python pandas Data Science

Pandas: Advanced Aggregation

This article is part of a series of practical guides for using the Python data processing library pandas. To see view all the available parts, click here.

Building on the basic aggregation guide, in this guide we will look at some more advanced ways we can aggregate data using pandas. We are going to cover three techniques:

  1. Aggregating using different methods at the same time, for example, summing one column and taking the average of another.
  2. Defining and using custom aggregation functions which we can use to calculate aggregates that are not available “out of the box”.
  3. The transform method which can be used to do some very useful things with aggregated values.

Reading in a dataset

If you don’t have a dataset you want to play around with, University of California Irvine has an excellent online repository of datasets that you can play with. For this explainer we are going to be using the Wine Quality dataset. If you want to follow along, you can import the dataset as follows:

import pandas as pd

df = pd.read_csv("https://archive.ics.uci.edu/ml/machine-learning-databases/wine-quality/winequality-red.csv", sep=';')

Multiple Aggregation Methods

Back in the basic aggregation guide, we looked at how we can apply an aggregation method, like sum(), to a DataFrame or a single column in a DataFrame (i.e. a Series). Extending that, what if we want to sum one column and take an average of another? What if we want to take an average and a standard deviation for the same column? What if we want to do all those things at the same time? The answer is the agg() method – an alias for the aggregate() method.

The agg() method replaces a single aggregation method call and allows us to specify which columns we want to aggregate and the methods to use. There are multiple ways we can do this.

Multiple methods – All columns

If we have one or more columns we want to aggregate and have multiple methods we would like to apply to all columns, then we can specify the methods as a list:

df.agg(["sum", "mean", "std"])

sum     13303.100000
mean        8.319637
std         1.741096
Name: fixed acidity, dtype: float64

Multiple Methods – Specific Columns

If we want to apply multiple aggregations to specific columns only, there are two ways to handle to do this. Firstly, as we did before, we can specify the columns to apply the aggregation methods to before we do the aggregation:

df[["fixed acidity", "volatile acidity"]].agg(["sum", "mean", "std"])

Or we can specify the columns in the agg function itself using a dictionary format:

df.agg({
    "fixed acidity": ["sum", "mean", "std"],
    "volatile acidity": ["sum", "mean", "std"]
})

Multiple Methods with a groupby

When we add a groupby clause to the mix, the format of our results changes:

df.groupby("quality").agg({
    "fixed acidity": ["sum", "mean", "std"],
    "volatile acidity": ["sum", "mean", "std"]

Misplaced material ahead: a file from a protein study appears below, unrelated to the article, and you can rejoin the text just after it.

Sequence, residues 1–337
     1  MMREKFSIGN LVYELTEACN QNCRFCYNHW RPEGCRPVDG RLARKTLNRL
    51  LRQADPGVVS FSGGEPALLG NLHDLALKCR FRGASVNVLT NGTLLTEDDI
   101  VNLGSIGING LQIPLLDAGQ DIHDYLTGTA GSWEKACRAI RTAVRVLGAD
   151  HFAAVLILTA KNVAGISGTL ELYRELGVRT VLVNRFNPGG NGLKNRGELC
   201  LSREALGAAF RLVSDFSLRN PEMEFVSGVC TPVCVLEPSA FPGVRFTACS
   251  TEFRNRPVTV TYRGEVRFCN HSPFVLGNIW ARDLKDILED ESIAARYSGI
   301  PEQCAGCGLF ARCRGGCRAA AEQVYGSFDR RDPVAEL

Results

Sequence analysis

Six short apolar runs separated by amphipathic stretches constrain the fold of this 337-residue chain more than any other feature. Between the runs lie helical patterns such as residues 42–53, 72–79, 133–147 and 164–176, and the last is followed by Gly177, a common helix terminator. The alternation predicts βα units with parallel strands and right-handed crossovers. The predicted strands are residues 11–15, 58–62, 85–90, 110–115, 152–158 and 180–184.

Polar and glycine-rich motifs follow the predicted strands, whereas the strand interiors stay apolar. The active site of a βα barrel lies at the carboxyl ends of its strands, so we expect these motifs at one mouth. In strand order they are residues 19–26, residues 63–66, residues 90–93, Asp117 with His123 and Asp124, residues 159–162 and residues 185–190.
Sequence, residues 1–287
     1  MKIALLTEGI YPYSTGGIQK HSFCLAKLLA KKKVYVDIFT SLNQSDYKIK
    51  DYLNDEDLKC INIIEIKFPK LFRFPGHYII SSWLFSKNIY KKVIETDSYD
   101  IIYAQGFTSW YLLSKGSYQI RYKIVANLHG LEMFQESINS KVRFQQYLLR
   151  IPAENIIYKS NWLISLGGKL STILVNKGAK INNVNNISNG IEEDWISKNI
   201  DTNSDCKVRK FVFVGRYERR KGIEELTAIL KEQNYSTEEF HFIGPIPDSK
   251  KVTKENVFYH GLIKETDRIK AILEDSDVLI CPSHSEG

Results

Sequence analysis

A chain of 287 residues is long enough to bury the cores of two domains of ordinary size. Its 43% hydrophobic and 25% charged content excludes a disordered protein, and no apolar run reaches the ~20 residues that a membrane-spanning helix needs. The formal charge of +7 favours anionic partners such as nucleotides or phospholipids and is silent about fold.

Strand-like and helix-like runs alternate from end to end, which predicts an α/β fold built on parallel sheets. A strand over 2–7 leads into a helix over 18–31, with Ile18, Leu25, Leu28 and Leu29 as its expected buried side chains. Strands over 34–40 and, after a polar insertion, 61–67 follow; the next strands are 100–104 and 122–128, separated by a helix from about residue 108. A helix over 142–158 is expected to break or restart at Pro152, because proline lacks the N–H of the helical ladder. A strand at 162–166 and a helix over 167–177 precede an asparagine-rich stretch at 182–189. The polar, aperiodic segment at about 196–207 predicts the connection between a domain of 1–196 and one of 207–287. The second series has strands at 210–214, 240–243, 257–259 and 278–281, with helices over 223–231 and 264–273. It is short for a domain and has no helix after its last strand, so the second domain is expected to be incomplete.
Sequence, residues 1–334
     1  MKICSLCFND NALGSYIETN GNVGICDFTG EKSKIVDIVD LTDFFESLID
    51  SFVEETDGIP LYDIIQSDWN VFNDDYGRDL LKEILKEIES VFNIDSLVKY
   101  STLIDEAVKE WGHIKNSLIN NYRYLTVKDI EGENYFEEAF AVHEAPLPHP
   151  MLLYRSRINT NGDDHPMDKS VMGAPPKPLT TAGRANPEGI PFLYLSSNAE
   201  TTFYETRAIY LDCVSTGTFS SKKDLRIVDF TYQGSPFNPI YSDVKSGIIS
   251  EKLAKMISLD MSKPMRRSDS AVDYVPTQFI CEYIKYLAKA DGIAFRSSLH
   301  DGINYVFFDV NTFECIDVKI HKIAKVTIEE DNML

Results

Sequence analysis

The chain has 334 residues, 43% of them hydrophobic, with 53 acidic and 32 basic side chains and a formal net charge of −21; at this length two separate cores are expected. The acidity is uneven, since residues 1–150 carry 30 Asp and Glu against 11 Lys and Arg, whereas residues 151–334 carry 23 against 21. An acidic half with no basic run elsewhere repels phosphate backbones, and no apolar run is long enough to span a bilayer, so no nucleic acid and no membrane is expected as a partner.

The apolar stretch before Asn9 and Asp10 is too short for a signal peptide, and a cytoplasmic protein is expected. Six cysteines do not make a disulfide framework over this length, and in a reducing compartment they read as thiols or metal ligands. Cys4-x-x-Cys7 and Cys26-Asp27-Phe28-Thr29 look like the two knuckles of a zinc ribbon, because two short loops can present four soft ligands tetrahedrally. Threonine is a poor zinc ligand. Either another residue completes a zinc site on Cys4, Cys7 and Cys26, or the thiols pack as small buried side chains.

})

You will notice that the column names have been put on two levels. This is called a MultiIndex and works a little differently. This is looked at in more detail in another guide, but here are a couple of quick tips:

  • df["fixed acidity"] will now return a DataFrame with the three columns under fixed acidity.
  • df[("fixed acidity", "sum")] will select the specific fixed acidity sum column.
  • If you just want to flatten the index into one level, you can do the following:
df_grouped.columns = df_grouped.columns.to_flat_index()
df_grouped

Specific Methods – Different Methods

As you may have guessed from the previous example, if we use a dictionary to specify the aggregations, there is nothing to stop us from specifying different aggregations for different columns:

df.groupby("quality").agg({
    "fixed acidity": "sum",
    "volatile acidity": ["mean", "std"]
})

If you specific only one aggregation for each column, note that it will not create a MultiIndex anymore, instead it will just retain the original column names.

df.groupby("quality").agg({
    "fixed acidity": "sum",
    "volatile acidity": "mean",
    "citric acid": "std"
})

Named Aggregations

Finally, we can use a special class of object called NamedAgg to specify our own custom column names as we aggregate:

df.groupby("quality").agg(
    min_fa=pd.NamedAgg(column="fixed acidity", aggfunc="min"),
    var_va=pd.NamedAgg(column="volatile acidity", aggfunc="var")
)

This is obviously pretty useful and cool, but it does look a little clunky, having to create this NamedAgg object for every aggregate. Well, as this clever guy worked out, you don’t need to actually specify the object, pandas is smart enough to work it out if you just pass it a tuple:

df.groupby("quality").agg(
    min_fa=("fixed acidity", "min"),
    var_va=("volatile acidity", "var")
)

Custom Aggregations

In addition to using the default aggregation functions provided in pandas/numpy, we can also create out own aggregation functions and call them using agg.

To make a custom aggregation function, all we need to do is create a function that intakes a Series (or list) and returns a single number. No need to worry about grouping, the groupby function will call your function for each group separately. Let’s start off with a basic one: